Tim Street , March 02, 2008; 07:55 A.M.

I use the Canon EF 85mm f/1.8 USM on My D-Rebel and for the money I get alot of bang for my buck. Now if I had one of the full frame sensor Digitals then the 85/1.2 L glass lens would be the perferred lens.

"Alternatives If your wallet and shoulder can't support the price and weight of the 85/1.2L lens, consider the Canon EF 85mm f/1.8 USM, $315 (review). You lose one f-stop of speed, which means that you will need twice as much light, but the 85/1.8 is an excellent lens and balances better on the lighter digital bodies, such as the Rebel series."

Mubeen Mughal , March 02, 2008; 12:31 A.M.

Working with a Digital Rebel:

Well Phil, the lens doesn't change optically, so the perspective remains the same, it's just that we get a crop from an image that would have been a full-frame image, so everything else remains the same, except that the crop shows a "smaller portion - hence crop" of the would-have-been-full-frame image.

Also using a full-frame lens on a crop sensor doesn't magically multiply the focal length of the lens, unless the lens is specifically designed for a crop-sensor (eg. Canon's EFs 10-22mm f/3.5-4.5 on a Rebel, which then does behave like a full frame 16-35mm on a full-frame.

Ken Schwarz , February 07, 2008; 09:47 P.M.

Yes, this lens (and many others in the Canon system--even "L" lenses) have chromatic aberration in out-of-focus high-contrast transitions. It's easy to see: just shoot some newsprint at f/1.2 and look at a 100% magnification. Text in the plane of focus will be black-and-white, as expected, but text in front and behind the plane of focus will have a strong green and magenta cast to the blur. You can see it in the article's shots if you look for it in the hi-res downloads. At normal magnification, it's usually not a problem, but it can be quite noticeable and even objectionable for high-contrast, outdoor shots, as Michael says.

Michael Tuomey , February 07, 2008; 05:10 P.M.

also agree with ken regarding the special nature of this lens, but i have noticed significant chromatic aberration shooting from f1.2 to about f2.8 with the 85L. this is not so troubling with portrait use but it often is an issue for outdoor flower shots, for example. i enjoy my 85L but it's not without faults that seem inconsistent with its price.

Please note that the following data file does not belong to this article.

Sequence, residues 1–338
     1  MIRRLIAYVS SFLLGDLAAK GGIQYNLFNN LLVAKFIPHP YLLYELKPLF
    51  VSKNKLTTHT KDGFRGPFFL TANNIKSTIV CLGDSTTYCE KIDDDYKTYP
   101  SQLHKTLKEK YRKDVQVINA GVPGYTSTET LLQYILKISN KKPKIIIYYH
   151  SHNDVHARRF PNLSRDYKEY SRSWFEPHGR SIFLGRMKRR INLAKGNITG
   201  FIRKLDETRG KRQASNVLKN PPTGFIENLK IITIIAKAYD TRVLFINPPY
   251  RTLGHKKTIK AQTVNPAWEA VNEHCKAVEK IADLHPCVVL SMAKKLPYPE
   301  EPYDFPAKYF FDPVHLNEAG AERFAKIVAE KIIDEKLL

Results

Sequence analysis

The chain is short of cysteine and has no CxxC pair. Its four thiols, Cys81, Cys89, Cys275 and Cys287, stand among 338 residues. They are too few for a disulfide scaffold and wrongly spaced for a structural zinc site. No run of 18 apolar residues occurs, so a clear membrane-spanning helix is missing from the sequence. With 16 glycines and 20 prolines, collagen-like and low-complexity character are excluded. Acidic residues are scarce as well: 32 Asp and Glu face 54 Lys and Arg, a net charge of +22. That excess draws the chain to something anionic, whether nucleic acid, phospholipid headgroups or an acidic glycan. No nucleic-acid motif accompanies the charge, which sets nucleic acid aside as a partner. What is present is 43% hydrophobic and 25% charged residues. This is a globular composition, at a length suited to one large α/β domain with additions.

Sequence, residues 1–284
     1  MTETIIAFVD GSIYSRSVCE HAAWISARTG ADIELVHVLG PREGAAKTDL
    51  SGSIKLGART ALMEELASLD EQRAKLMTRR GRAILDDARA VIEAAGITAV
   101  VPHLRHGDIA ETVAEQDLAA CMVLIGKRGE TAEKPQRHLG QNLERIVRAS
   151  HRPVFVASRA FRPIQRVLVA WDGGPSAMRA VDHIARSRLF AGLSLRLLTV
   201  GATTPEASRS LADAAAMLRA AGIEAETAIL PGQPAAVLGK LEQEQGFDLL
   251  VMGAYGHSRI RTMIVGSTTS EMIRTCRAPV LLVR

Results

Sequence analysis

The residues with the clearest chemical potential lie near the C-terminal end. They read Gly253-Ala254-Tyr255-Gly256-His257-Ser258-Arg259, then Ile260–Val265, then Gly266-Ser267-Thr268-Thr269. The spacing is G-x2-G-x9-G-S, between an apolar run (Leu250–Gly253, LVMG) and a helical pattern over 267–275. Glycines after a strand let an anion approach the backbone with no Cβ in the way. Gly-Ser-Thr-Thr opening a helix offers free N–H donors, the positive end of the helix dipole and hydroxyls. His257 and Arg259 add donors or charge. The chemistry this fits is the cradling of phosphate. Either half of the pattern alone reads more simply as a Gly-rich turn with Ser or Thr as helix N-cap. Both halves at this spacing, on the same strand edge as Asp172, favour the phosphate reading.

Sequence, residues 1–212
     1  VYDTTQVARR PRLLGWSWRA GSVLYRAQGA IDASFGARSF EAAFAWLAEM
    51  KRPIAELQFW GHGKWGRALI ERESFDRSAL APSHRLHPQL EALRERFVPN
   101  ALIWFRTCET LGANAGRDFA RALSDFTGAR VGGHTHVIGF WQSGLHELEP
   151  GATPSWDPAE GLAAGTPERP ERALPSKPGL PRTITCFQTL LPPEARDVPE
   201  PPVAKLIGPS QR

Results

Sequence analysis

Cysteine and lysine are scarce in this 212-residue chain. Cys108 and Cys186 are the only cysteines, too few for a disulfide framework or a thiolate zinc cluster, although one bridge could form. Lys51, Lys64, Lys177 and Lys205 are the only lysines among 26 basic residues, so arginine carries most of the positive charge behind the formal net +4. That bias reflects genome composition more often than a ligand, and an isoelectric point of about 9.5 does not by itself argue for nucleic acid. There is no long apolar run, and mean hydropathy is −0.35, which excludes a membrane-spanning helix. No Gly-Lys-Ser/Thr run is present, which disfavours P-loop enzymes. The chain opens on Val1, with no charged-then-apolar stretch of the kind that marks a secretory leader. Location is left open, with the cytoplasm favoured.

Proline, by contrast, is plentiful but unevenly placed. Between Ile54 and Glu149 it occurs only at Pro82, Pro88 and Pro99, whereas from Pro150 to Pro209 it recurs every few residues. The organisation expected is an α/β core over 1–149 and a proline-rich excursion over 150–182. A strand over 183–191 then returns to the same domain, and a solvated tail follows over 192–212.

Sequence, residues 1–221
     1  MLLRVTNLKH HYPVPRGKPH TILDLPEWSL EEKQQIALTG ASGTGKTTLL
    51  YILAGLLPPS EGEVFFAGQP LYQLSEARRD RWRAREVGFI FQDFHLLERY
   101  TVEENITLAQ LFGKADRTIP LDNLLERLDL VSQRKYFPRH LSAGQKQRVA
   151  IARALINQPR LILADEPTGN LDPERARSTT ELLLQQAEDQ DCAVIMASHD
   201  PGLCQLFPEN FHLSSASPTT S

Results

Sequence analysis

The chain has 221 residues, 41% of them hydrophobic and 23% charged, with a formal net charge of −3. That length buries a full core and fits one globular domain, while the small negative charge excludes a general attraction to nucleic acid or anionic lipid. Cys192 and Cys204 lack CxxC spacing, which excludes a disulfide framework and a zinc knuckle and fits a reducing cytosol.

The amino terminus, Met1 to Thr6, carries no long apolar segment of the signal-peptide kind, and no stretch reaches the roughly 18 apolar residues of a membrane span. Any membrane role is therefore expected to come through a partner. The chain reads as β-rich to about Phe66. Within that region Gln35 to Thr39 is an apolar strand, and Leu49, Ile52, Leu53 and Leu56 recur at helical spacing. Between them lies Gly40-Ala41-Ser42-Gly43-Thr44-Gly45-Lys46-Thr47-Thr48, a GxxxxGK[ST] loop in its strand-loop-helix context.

Vivek . , February 06, 2008; 02:02 A.M.

Agree with Ken. There is a HUGE difference between an f/1.4 and an f/1.2 lens in terms of image rendition and the ease/difficulty of using it for picture taking.

Ken Schwarz , February 05, 2008; 08:08 P.M.

The pictures in the article do a great job showing what this lens is for. The difference between f/1.2 and f/1.8 or even f/1.4 is obvious, and is the main reason to buy it. The contrast is incredible, even wide open, lending an apparent sharpness even though little is actually in focus. It's a special effect, and one that you don't see all that frequently because it's so expensive and specialized. I think that this lens is a great reason to buy into the Canon system.

Jonny Mac , February 05, 2008; 06:29 P.M.

Ikka read some more reviews of this lens. For example, from Castleman: "At apertures wider than f/2.8, the f/1.8 (85mm) lens has slightly lower contrast and sharpness than the f/1.2L lens."

So, what you say may be true for most crazy fast lenses, but not this one. f/1.2 may not be the sweet spot, but for this lens it is pretty damn sweet. Until you have tried it you won't believe it. This lens is awesome at full aperture and stopped down.

Sheldon Hambrick , February 05, 2008; 05:14 P.M.

"So how might this exlain the Nikkor 50/1.2 with it's smaller lens mount?"

A 50/1.2 is not a 50/1.0.

Philip Greenspun , February 05, 2008; 12:19 P.M.

Ilkka: Notice that I said "Canon has been able to produce crazy fast lenses" not "crazy good lenses". My goal in showing the images at different apertures was to underline the fact that f/1.2 requires such high precision focus as to be impractical for most real-life situations.

I hadn't tried your f/1.2 versus f/2 viewfinder experiment until just now. On the 1Ds Mark III, my experience is similar to yours with the Nikon D3. The difference is negligible between wide open and f/2. f/2.5 is the widest aperture where the viewfinder becomes significantly darker.

Ilkka Nissila , February 05, 2008; 10:53 A.M.

These superfast lenses are usually inferior stopped down to their slower siblings. I am not sure if these lenses are made for rational reasons ;-) They're not a real alternative to the slower lenses for general purpose photography. When photographing wedding ceremonies in dim rooms, I think it is usually preferable to increase the sensitivity of the camera than use f/1.2. On the Nikon D3, an f/1.2 lens can be focused reliably accurately only by using Live View with zoom, in which case good results are possible provided that nobody moves. I cannot see any difference in the viewfinder image when stopping down from f/1.2 to f/2 but the difference between f/2 and f/2.8 is perceptible. Perhaps the Canon EOS 1 series focusing screens are different in this respect. When shooting at longer than close-up distances I think the maxium aperture is more useful and manageable, and autofocus can also be used effectively. I'm not against fast lenses by any means, but there is a sweet spot here and it's not f/1.2.

Joseph Wisniewski , February 05, 2008; 09:12 A.M.